The soft padding of our footsteps echoes down the staircase behind us. Besides the scuffling of our shoes against linoleum, my host mom and I are silent as we reach the second floor of the school. I take a deep breath and see a short, broad-shouldered man in a collared polo shirt with black-framed glasses and a friendly smile standing by an open classroom door. He is the principal of Sant School and our in-country coordinator for the program. He nods, murmurs a phrase to me in Mongolian, and waves me through the doorway.
I am greeted by six turning heads — the other volunteer teachers I will be spending the next five weeks with. After the typical introductions of name, age, university, country, and reason we chose to apply to this program, our official training begins. One of the first things I learn about is the historical and political dislike Mongolians have for the Chinese.
We descend the concrete steps of the State Department Store and enter the hustle and bustle of the streets on a hot, summer afternoon. A slender woman waving some fliers and wearing a full-brimmed straw hat and big, round sunglasses approaches me and rambles off a Mongolian phrase. After seeing the blank, confused look on my face, she pauses, points at me, and gestures at the rest of the mostly European volunteers, asking, “Tour guide, no?”
I answer, “Sorry, no tour guide.”
Rose, our program director, tells me that one of my younger students in the afternoon class asked why, if I’m Mongolian, I am living in America instead of here in Ulaanbaatar. Rose says she then had an interesting time explaining that I am not Mongolian.
It is International Day — a special day during our program when all the volunteer teachers will present about our respective countries. Between the seven of us, we represent 13 different countries; I was told to talk about China and Hong Kong.
I was up late the night before finishing my PowerPoint presentation, Googling things I didn’t know, texting my parents back home to make sure I was properly representing the culture. Finally, it was all done. I pull the presentation up on my laptop. I spin around to face the class and say, “Now, I will be telling you a little bit about China.”
An audible gasp escapes the group of 20 students. Murmurs. Whispers. Trying to ignore their obvious shock, hoping this would not make them think less of me, I continue my presentation. At the end, I ask if anyone has questions.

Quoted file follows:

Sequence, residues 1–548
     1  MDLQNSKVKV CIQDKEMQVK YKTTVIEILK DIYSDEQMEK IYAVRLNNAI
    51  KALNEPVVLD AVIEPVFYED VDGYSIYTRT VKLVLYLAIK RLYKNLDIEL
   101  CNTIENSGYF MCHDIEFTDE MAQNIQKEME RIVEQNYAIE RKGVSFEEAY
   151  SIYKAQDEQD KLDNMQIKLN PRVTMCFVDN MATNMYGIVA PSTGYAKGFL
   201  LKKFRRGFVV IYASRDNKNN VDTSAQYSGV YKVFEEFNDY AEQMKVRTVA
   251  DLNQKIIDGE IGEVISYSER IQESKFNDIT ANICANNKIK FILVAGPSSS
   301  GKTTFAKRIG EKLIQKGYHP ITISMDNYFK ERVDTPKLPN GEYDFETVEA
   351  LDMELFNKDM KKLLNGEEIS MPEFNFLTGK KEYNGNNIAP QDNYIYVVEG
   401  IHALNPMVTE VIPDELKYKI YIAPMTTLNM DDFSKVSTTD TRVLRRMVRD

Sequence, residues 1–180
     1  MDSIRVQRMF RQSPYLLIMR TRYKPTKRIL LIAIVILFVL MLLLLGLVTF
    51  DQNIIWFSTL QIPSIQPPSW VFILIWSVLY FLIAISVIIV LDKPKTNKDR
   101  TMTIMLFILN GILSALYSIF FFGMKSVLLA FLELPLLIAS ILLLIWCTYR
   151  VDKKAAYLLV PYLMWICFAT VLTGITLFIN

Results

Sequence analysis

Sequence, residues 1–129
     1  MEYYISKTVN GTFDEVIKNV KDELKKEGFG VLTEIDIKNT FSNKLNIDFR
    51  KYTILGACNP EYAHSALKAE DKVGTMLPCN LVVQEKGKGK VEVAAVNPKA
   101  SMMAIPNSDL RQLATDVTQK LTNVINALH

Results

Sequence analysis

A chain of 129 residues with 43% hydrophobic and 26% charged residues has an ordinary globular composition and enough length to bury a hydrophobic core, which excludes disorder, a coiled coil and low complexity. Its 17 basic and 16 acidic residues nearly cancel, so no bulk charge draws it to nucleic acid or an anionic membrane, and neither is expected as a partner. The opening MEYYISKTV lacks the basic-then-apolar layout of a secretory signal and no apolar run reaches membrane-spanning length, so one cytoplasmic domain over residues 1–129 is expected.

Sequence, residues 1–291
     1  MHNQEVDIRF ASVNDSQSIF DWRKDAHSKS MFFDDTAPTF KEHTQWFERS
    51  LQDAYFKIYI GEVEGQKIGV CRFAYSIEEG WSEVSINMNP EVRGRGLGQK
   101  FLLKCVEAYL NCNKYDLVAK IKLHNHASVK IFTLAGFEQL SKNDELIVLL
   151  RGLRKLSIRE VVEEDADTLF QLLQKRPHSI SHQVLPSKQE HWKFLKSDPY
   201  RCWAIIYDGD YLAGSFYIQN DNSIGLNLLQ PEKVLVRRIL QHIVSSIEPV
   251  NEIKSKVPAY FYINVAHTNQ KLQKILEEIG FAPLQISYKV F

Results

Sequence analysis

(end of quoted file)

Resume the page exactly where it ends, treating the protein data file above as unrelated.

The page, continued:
One boy raises his hand. I call on him. “Are you Chinese?”
Another student raises her hand. I call on her. “Are you from China?”
“No, I’m from the United States.”
More murmurs, more confusion.
I find out later that, on that first day of training, the principal had thought I was a host sibling here to accompany one of the other volunteers through the training. That’s why he had greeted me in Mongolian rather than English. He explains that I have a very Mongolian face —whatever that means.
Every day after school, I take a taxi back to my host family’s house. The other volunteers often walk home or share a cab together, but I can’t join them because they live in the opposite direction and very far away from me.
The taxi system in Mongolia works a little differently: you just stand on the side of the street, put out your hand as a signal, and wait for a random, unmarked car to pick you up. There are official taxis, but they are scarce and expensive, so people rarely take them. Instead, anyone with a car who can drive also works as a taxi driver in their spare time to make some extra cash.
Because I take a taxi home almost every day, I know the route home fairly well and know how much the cost should be. I speak to the drivers in English, and they sometimes ask me where I am from. When I answer, “I’m from America,” they usually accept it and charge me 3,000 tugriks (about $1.22) for a 20-minute ride.
Other times, depending on the driver’s curiosity, they will press me, “No, but where are you from from?” Once, I gave in and answered, “China.” That driver charged me 8,000 tugriks (about $3.25). The price is still nothing compared to American taxi prices, but the “Chinese price” for the same ride is almost triple what I usually get charged as an American.